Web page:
LG gets credit for finding a niche in the hyper-competitive Windows laptop world by going for crazy light "gram" designs. The new LG gram 17 is the latest to join the rest of the lineup that is getting bigger this year.
This LG gram fits a 17-inch productivity-based laptop into the body of a 15-inch one thanks to micro bezels – a common theme at CES this year. But numerous other features make the gram 17 one of my favorite laptops so far in 2019.
The LG gram 17 weighs just 2.95 pounds (1.3kg) - it's hard to describe how light it feels to hold, but even knowing the weight and what to expect it surprises you. There's no other 17-inch laptop in the world that hits those numbers, which would be good even for a 14-inch laptop in 2019.
But it's all the small things that LG seems to get right with the LG gram 17 that has me excited. For instance, it has a 16:10 aspect ratio bucking the 16:9 tradition. While it's not as tall as 3:2 – used by Microsoft and Huawei – it's still miles better than widescreen in this form factor.
Display resolution is ideal too. While 4K is nice, most people should be OK with the 2560 x 1600 "2K" screen found in the LG gram 17. Being an LG-supplied panel, it reaches a reported 96 percent sRGB color rating. Granted, it's non-touch, but the matte, color-accurate panel should be great for content creators looking for even more room for work.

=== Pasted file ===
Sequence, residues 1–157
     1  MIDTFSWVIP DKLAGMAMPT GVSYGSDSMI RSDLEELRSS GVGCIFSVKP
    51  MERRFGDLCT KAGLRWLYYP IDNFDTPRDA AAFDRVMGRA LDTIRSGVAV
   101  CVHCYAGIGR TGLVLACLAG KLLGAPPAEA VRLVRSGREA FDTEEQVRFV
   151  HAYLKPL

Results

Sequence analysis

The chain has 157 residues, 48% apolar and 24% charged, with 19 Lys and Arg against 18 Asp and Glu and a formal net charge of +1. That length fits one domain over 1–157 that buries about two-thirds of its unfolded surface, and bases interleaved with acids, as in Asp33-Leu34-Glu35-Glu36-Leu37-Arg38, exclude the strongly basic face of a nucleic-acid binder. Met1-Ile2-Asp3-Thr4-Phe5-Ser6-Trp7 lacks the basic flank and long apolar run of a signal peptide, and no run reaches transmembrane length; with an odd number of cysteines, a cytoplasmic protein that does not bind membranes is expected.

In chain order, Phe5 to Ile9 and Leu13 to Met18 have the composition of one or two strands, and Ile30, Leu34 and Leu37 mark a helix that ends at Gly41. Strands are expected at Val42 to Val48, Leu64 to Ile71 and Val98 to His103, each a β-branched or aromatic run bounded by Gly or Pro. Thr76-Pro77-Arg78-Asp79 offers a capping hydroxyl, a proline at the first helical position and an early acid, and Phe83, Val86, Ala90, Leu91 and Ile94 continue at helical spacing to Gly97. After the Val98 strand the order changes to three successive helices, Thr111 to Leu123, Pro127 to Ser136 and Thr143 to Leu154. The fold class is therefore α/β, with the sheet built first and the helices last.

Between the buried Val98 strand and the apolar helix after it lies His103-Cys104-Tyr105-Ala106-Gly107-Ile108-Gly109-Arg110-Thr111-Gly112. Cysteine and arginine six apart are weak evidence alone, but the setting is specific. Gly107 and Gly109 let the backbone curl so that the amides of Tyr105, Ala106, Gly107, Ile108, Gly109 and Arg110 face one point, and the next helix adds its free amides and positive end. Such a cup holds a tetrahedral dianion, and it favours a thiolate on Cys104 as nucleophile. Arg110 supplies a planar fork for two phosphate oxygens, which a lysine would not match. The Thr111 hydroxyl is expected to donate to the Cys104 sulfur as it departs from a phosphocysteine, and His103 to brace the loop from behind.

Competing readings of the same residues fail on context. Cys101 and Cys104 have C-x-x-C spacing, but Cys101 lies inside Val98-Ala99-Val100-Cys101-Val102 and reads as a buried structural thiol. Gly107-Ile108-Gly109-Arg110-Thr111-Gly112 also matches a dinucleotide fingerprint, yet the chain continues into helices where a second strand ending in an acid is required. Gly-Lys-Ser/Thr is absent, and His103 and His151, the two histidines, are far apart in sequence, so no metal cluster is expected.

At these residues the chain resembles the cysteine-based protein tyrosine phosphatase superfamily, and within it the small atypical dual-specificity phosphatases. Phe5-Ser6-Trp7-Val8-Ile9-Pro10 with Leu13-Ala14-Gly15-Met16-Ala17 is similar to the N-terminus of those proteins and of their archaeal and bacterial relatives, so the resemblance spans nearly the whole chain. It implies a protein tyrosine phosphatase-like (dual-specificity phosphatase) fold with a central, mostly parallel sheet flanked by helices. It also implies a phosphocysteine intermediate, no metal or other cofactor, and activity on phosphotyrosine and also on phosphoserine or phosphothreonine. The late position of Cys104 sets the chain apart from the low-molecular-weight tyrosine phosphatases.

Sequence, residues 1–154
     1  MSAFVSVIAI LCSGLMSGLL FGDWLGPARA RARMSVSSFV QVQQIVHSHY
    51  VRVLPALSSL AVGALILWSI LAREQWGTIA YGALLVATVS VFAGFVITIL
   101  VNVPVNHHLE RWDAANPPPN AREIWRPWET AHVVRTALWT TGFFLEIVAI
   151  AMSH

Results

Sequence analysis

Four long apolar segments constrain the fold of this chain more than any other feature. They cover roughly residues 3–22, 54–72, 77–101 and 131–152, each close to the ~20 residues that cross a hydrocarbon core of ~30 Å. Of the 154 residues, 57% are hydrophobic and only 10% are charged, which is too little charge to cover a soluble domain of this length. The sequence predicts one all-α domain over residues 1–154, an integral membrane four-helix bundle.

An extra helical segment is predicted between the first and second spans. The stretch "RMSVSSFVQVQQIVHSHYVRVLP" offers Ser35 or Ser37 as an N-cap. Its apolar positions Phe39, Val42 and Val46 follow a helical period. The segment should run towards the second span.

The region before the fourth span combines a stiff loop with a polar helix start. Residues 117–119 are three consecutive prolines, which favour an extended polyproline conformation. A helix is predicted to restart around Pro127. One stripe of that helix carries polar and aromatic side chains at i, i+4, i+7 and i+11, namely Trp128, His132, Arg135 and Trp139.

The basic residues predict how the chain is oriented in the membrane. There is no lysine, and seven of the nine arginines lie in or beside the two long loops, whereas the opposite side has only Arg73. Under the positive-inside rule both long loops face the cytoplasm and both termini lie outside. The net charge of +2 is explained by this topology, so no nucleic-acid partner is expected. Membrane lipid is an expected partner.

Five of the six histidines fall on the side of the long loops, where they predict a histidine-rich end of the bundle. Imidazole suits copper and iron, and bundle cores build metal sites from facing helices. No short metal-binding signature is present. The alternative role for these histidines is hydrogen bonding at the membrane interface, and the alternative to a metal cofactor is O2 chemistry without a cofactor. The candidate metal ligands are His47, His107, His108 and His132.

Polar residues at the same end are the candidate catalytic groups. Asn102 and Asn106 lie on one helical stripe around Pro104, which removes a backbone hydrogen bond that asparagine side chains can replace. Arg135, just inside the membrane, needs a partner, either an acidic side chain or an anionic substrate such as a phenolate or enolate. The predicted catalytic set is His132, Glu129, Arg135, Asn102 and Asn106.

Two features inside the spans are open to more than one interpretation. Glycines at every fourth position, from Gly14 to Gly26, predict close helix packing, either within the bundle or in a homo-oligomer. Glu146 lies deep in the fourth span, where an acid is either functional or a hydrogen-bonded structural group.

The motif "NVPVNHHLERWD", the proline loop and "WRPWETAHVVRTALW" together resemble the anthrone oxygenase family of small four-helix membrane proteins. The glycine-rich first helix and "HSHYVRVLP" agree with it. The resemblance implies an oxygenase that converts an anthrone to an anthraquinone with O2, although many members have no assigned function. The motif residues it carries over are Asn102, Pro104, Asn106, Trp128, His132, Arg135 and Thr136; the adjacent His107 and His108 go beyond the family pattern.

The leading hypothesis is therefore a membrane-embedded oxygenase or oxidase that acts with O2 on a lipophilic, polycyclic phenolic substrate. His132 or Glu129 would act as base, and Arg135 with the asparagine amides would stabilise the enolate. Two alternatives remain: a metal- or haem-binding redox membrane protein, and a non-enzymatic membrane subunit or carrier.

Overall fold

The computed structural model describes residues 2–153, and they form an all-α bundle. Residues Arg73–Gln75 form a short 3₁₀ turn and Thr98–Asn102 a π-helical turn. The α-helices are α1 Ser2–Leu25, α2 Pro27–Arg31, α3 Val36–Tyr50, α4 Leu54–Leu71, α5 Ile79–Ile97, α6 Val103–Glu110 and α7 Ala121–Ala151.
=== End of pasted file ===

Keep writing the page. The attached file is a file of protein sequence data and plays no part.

The rest of the specifications are run of the mill: Intel "Whiskey Lake" Core i7-8565U, 16GB DDR4 dual-channel RAM, Thunderbolt 3, micro SD reader, fingerprint reader, etc. But the LG gram 17 differs from other laptops by having two slots for PCIe NVMe SSDs opening lots of possibilities for those who want more or even faster storage.
There's also a massive 72 WHr battery – which is not as big as what Dell uses in the XPS 15, but when you factor in the weight difference that's a remarkable feat.
I'll be getting my hands on the LG gram 17 for a proper review in the coming weeks, but I'm already sold on the concept. For too long we've seen PC makers ignore the 17-inch range and focus on making everything else more compact. It's about time 17-inch laptops make a comeback, and the idea of one weighing less than most 14-inch laptops is super intriguing.
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Daniel Rubino is the Editor-in-chief of Windows Central. He is also the head reviewer, podcast co-host, and analyst. He has been covering Microsoft since 2007, when this site was called WMExperts (and later Windows Phone Central). His interests include Windows, laptops, next-gen computing, and watches. He has been reviewing laptops since 2015 and is particularly fond of 2-in-1 convertibles, ARM processors, new form factors, and thin-and-light PCs. Before all this tech stuff, he worked on a Ph.D. in linguistics, watched people sleep (for medical purposes!), and ran the projectors at movie theaters because it was fun.